I have the camera mainly for vacations and recording family stuff, but I’ve thought for a while now that it might be fun to start making some video blogs, so this is what I’m starting with, for better or worse.
Here goes …
If you wonder what it’s like being a landlord, you’ll find it interesting (if you just watched the video) that the tenant emailed me the same day, after not following the instructions provided for returning keys, and stated in the email, “I spent a lot of time cleaning the house. I hope it was up to your standards.”
This is why I don’t allow tenants to walk through properties with me, or meet them for move-out walk-throughs. There is too big of a disconnect between what I observe and what a tenant deems to be acceptable. For more on that, read my past article “Why I Never Do Move-out Walk-throughs with Departing Tenants”
Back to video making and why I decided to go ahead with my first rough draft right out of the gate.
Read more …
Sylvia and I are excited to announce that, as of today, we have reverted back to the business structure under which we operated from 1993 through 2004 as Crossland Real Estate. Sylvia is Broker and Head Honcho and I just do what she tells me. We are no longer with the Southwest Market Center of Keller Williams Austin. We are once again an independent, home grown Austin real estate company.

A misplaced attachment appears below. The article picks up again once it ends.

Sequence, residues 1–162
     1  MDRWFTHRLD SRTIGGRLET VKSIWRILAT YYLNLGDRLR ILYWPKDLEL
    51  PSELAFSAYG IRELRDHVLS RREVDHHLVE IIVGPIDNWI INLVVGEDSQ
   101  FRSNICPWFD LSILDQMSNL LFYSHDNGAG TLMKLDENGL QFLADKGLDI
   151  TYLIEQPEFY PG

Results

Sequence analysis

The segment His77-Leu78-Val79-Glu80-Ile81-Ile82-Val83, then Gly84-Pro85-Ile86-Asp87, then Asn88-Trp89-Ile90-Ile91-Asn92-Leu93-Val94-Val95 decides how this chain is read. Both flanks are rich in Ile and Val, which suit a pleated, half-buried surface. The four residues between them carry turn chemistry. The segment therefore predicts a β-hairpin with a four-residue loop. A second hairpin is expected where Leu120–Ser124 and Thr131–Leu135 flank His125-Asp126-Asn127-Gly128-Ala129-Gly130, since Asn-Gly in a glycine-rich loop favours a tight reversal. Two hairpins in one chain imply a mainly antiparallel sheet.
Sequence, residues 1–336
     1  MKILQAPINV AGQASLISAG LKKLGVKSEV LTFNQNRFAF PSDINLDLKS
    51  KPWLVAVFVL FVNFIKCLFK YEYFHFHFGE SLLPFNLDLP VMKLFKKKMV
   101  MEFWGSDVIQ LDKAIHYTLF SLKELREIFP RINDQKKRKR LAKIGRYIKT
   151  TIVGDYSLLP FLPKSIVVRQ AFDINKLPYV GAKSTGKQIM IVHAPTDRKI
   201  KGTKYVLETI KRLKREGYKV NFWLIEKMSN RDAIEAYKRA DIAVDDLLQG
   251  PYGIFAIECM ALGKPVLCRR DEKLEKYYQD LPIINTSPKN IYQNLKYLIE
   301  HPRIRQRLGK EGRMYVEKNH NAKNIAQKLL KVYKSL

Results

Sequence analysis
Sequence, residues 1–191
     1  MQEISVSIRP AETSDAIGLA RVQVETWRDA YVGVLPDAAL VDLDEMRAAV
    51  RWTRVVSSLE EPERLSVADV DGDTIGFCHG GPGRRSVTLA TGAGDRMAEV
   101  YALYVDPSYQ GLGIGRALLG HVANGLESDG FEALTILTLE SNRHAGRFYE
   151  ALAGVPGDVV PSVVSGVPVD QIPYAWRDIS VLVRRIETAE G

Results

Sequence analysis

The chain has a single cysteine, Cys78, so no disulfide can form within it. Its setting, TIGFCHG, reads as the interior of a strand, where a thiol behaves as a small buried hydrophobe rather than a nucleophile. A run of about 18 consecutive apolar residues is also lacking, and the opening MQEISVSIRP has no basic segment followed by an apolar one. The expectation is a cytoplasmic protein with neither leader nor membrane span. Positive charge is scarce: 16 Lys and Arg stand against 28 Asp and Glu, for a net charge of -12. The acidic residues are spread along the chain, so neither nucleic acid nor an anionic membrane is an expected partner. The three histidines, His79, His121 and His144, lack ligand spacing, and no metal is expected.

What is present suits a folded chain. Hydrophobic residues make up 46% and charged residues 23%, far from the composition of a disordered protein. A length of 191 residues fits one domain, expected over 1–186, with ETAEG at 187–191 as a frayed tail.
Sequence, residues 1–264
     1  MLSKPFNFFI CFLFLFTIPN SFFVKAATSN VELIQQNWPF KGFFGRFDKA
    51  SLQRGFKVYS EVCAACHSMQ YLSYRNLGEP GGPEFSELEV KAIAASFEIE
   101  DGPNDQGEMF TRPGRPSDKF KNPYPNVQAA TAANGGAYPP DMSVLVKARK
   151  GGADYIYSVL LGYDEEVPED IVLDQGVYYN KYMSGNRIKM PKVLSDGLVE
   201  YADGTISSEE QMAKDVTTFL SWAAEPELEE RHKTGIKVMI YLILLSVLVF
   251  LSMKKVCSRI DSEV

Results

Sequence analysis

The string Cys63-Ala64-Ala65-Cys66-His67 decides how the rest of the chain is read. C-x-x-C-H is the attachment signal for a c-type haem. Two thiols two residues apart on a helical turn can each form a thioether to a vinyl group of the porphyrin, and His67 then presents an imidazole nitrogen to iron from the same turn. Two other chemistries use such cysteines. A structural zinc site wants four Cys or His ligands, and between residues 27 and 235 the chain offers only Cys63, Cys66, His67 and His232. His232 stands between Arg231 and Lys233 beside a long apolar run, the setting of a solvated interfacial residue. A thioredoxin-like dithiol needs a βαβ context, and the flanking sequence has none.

It’s been a great 4 years at Keller Williams and, as I was telling agents at the office today, I don’t believe that Sylvia and I would be the caliber of Realtors we’ve become had we not done our 4 year stint at Keller Williams.
The Southwest Market Center in Austin is the original, first Keller Williams office started by Gary Keller in the 1980s. It is the #1 real estate office in the world, on many different metrics, including number of sales and number of agents. It’s considered the flagship office of Keller Williams – the mother ship – and is the frequent host of tours for other Keller Williams market center staff from around the country who want to come see how we do it here in Austin.
Sylvia and I have enjoyed being a part of this amazing company and this office, and we especially enjoyed the honor of serving on the ALC (Agent Leadership Council) for the past two years, which is the body of top producing agents that runs the Southwest Market Center. I feel like, even though we both had a lot of experience as Realtors before we joined Keller Williams in 2005, we never would have received the type of training and exposure to ideas that we experienced at Keller Williams had we remained Mom and Pop forever and not ventured out to see what it would be like in a different environment.
So why the move? Why switch?